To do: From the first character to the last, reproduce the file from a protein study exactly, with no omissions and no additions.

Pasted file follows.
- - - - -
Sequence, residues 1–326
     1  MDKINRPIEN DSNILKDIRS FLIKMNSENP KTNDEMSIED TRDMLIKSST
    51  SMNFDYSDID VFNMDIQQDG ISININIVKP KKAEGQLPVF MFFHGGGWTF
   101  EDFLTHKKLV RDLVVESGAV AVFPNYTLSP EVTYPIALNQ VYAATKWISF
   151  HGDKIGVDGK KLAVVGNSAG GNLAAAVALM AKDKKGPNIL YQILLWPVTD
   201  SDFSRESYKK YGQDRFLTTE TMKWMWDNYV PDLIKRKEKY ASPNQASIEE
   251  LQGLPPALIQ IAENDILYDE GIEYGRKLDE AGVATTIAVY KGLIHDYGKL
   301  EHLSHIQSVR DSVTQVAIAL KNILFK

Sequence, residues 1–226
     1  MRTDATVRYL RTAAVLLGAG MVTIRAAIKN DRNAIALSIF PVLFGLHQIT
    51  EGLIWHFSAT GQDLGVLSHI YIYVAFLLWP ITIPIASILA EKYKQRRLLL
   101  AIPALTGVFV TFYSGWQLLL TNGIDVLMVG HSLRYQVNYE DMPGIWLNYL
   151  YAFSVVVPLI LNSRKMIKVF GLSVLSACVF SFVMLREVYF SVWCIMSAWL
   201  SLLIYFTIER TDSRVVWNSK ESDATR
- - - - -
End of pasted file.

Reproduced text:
Sequence, residues 1–326
     1  MDKINRPIEN DSNILKDIRS FLIKMNSENP KTNDEMSIED TRDMLIKSST
    51  SMNFDYSDID VFNMDIQQDG ISININIVKP KKAEGQLPVF MFFHGGGWTF
   101  EDFLTHKKLV RDLVVESGAV AVFPNYTLSP EVTYPIALNQ VYAATKWISF
   151  HGDKIGVDGK KLAVVGNSAG GNLAAAVALM AKDKKGPNIL YQILLWPVTD
   201  SDFSRESYKK YGQDRFLTTE TMKWMWDNYV PDLIKRKEKY ASPNQASIEE
   251  LQGLPPALIQ IAENDILYDE GIEYGRKLDE AGVATTIAVY KGLIHDYGKL
   301  EHLSHIQSVR DSVTQVAIAL KNILFK

Sequence, residues 1–226
     1  MRTDATVRYL RTAAVLLGAG MVTIRAAIKN DRNAIALSIF PVLFGLHQIT
    51  EGLIWHFSAT GQDLGVLSHI YIYVAFLLWP ITIPIASILA EKYKQRRLLL
   101  AIPALTGVFV TFYSGWQLLL TNGIDVLMVG HSLRYQVNYE DMPGIWLNYL
   151  YAFSVVVPLI LNSRKMIKVF GLSVLSACVF SFVMLREVYF SVWCIMSAWL
   201  SLLIYFTIER TDSRVVWNSK ESDATR